Observation: Summit

Location: Colorado

Route & General Observations

We came down to Summit to track the recent layers of buried surface hoar, take a look at the facets below the New Year’s crust, and see how the continued warm temperatures are affecting the snowpack. We found surface hoar buried about 10″ deep under the snow from the past week, but it was hard to find and did not produce any unstable test results. The facets under the New Year’s crust are still large and not very confidence inspiring, although they have rounded and gained a little strength over the past month.

Despite the very different snowpack compared to Turnagain Pass, our terrain choices are very similar. Big picture: there is a thick slab sitting on top of weak snow. It is becoming more difficult to trigger, but if you find the right spot it has the potential to go huge. In Summit the layer of concern is still the facets below the New Year’s crust.

Red Flags
Red flags are simple visual clues that are a sign of potential avalanche danger. Please record any sign of red flags below.
Obvious signs of instability
Recent Avalanches?Yes
Collapsing (Whumphing)?No
Cracking (Shooting cracks)?No
Observer Comments

No new slab avalanches beyond what Allen reported in his ob from Fresno yesterday, and what Andy posted in his ob from Manitoba last Friday.

The avalanche on Butch had rocks and tundra poking out of the bed surface- indicating a deeper weak layer. The large avalanche on Moose looks like it actually went once during the 3/22-3/25 cycle, and then again more recently. The crown looked to be 6-8' deep or deeper, but the bed surface did not have any rocks or vegetation in it. This indicates it is most likely a really thick wind slab, potentially failing on one of the newer weak layers of buried surface hoar.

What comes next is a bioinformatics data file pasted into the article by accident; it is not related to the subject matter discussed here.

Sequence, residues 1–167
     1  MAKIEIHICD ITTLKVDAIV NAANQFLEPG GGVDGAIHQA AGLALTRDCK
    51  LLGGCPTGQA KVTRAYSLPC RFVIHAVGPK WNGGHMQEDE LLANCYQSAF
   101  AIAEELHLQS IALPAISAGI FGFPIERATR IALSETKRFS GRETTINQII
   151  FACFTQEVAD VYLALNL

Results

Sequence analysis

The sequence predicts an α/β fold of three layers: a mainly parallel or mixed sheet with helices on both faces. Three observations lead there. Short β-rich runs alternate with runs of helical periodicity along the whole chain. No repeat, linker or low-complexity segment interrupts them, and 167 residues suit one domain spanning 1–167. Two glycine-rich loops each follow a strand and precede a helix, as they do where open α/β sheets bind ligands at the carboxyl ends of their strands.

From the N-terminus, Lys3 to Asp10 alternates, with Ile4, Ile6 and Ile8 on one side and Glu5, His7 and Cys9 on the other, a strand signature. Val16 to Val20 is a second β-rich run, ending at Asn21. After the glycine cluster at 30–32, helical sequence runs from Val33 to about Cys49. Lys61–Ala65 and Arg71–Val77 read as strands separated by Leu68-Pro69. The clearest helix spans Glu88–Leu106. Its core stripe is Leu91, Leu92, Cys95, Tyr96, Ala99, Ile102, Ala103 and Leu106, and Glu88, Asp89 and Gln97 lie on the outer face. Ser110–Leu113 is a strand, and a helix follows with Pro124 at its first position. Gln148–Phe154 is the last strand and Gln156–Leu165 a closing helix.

Weather & Snow Characteristics
Please provide details to help us determine the weather and snowpack during the time this observation took place.

Warm and cloudy, with some very brief holes in the clouds. We saw maybe 100 snowflakes falling while we were out. Winds were light out of the northeast, with occasional moderate gusts.

Snow surface

The snow was locked up at the road in the morning, but the surface crust melted up to about 1500' in the afternoon. Above 1500', the breakable surface crust was everywhere except for the most northerly aspects, or little pockets that were shaded by trees. The new snow from the past week had settled to about 10".

There was a layer of surface hoar on the surface that had melted on most aspects and was intact but laying down on shaded slopes. It did not look nearly as concerning as any of the other surface hoar layers that formed earlier in the month.


We dug three pits on east to north aspects. Two were at around 2400' on east and north aspects, and one was at 2800' on a northeast aspect. We found a layer of surface hoar about 10" deep at the interface between the 'new' and old snow, but it did not give any alarming test results (ECTN24, ECTX). The New Year's crust was 3-4' deep, with 4F hard facets below. The layer of facets did not fail any stability tests, but it is remarkable how long that nasty layer is sticking around. At this point it has been buried for over 4 months and it is still showing cause for concern.

More details in attached snowpit profiles and video.

Photos & Video
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